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Hard Numbers: English contact tracing fails, Venezuela's oil revenue dip, Latin American workers flail, Golden Dawn declared criminal org

UK Prime Minister Boris Johnson wearing a mask

16,000: As a result of a technical glitch, around 16,000 confirmed COVID cases were "lost" from England's contact tracing system over the course of a week. British public health officials believe that as many as 50,000 people may have been exposed to COVID-19 during this period and now will not be contacted and encouraged to self-isolate to stop the virus' spread.

5: After an epic five-year trial, a Greek court found that the far-right Golden Dawn political party was operating as a criminal organization, stemming from a series of attacks including the murder of a left-wing rapper in 2013. Golden Dawn, founded as a neo-Nazi party in the 1980s, became Greece's third largest political bloc amid the country's recent financial crisis in the 2010s.

2.3 billion: Crippling American sanctions and years of political mismanagement and corruption— exacerbated by the pandemic — have brought Venezuela's once-thriving oil sector to a standstill. Venezuela, once Latin America's largest oil producer, is expected to net around $2.3 billion this year from oil exports — a far cry from a decade ago, when Caracas reaped about $90 billion a year from oil sales.

12: Only 12 percent of Latin American workers affected by the coronavirus crisis are eligible for government unemployment benefits, compared to some 44 percent of workers in North America and Europe. The IMF predicts that 15 years' worth of poverty alleviation in Latin America has now been undone because of the global economic crisis.

Urbanization may radically change not only the landscape but also investors' portfolios. Creating the livable urban centers of tomorrow calls for a revolution in the way we provide homes, transport, health, education and much more.

Our expert guests will explore the future of cities and its implications for your wealth.

Learn more.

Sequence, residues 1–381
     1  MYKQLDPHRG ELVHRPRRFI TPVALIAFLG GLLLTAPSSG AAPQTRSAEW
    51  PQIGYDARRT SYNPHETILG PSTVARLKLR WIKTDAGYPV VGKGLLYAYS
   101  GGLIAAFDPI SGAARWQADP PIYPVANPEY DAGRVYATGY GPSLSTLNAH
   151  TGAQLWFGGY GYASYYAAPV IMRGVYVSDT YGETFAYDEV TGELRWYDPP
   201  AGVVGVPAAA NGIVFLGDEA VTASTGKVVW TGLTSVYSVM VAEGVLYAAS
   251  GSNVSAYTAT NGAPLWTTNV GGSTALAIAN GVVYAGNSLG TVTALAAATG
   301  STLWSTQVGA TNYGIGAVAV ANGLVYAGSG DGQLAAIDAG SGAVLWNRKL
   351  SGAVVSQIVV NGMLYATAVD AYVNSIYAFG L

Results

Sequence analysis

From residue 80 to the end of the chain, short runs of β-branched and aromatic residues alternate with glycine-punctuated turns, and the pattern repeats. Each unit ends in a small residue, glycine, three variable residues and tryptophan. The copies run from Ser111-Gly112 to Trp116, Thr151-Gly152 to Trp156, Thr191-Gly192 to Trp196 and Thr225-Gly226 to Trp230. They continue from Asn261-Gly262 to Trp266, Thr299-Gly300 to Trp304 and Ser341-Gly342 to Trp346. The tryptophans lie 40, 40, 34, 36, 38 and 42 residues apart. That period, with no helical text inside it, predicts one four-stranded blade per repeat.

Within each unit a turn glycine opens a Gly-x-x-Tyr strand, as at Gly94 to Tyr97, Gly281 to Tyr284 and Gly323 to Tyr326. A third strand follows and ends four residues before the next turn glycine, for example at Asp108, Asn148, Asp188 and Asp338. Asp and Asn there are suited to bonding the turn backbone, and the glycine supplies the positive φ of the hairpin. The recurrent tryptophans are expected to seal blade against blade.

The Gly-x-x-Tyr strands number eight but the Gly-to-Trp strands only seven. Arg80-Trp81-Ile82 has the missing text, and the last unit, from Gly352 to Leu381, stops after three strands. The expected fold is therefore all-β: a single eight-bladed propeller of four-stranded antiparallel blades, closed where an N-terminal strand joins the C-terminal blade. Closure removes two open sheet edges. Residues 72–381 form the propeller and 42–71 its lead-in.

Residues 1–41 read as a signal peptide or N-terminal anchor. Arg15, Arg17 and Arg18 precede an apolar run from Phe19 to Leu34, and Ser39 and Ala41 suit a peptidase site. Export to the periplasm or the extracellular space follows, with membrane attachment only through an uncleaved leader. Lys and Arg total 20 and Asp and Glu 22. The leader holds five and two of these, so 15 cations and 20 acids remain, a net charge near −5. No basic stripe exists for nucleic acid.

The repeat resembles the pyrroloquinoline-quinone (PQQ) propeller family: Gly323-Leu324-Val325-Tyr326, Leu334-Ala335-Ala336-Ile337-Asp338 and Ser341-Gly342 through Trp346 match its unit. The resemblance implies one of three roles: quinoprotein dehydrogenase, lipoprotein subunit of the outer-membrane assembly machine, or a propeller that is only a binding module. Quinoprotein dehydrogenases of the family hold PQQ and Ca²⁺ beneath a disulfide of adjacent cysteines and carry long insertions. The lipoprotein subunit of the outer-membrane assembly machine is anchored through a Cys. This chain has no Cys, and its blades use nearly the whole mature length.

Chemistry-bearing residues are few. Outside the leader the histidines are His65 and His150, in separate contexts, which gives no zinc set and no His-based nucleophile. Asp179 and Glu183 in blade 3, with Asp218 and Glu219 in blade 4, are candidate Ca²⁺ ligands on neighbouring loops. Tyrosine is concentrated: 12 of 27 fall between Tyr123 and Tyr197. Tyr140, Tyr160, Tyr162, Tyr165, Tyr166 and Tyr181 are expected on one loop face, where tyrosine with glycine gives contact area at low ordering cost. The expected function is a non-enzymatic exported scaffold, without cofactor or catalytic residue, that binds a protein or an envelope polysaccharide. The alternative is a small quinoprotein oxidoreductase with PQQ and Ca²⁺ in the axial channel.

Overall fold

Back in 2016, presidential candidate Donald Trump presented his vision for an "America First" foreign policy, which symbolized a radical departure from the US' longtime approach to international politics and diplomacy.

In electing Donald Trump, a political outsider, to the top job, American voters essentially gave him a mandate to follow through on these promises. So, has he?


"A continuing rape of our country."

On the 2016 campaign trail, candidate Trump said that the Trans Pacific Partnership (TPP) — a 12 country trade deal pushed by the Obama administration — would "rape" America's economy by imperiling the manufacturing sector, closing factories, and taking more jobs overseas.

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In an op-ed titled "Iran Arms Embargo Reckoning," the Wall Street Journal editorial board argues that ending the UN arms embargo on Iran was a major flaw of the 2015 nuclear deal and questions whether Biden could do anything to contain Iran at this point. Ian Bremmer and Eurasia Group's Henry Rome take out the Red Pen to explain why this discussion misrepresents the importance of the embargo and the consequences for its expiration.

So, the US presidential election is now just days away, and today's selection is focusing on a specific aspect of foreign policy that will certainly change depending on who wins in the presidential contest—namely America's approach to Iran.

You've heard me talk before about the many similarities between Trump and Biden on some international policies, like on China or on Afghanistan. But Iran is definitely not one of those. Trump hated the JCPOA, the 2015 Iranian nuclear deal, put together under the Obama administration, and he walked away from it unilaterally. Joe Biden, if he were to become president, would try to bring it back.

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It almost didn't happen — but here we are again. President Donald Trump and his Democratic challenger Joe Biden face off tonight in the final presidential debate of the 2020 US election campaign.

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Following the terrorist attacks of September 11, 2001, US President George W. Bush demanded that Afghanistan's Taliban government surrender Osama bin Laden and end support for al-Qaeda. The Taliban refused.

On October 7, US bombs began falling on Taliban forces. NATO allies quickly pledged support for the US, and US boots hit the ground in Afghanistan two weeks later.

Thus began a war, now the longest in US history, that has killed more than 3,500 coalition soldiers and 110,000 Afghans. It has cost the American taxpayer nearly $3 trillion. US allies have also made human and material sacrifices.

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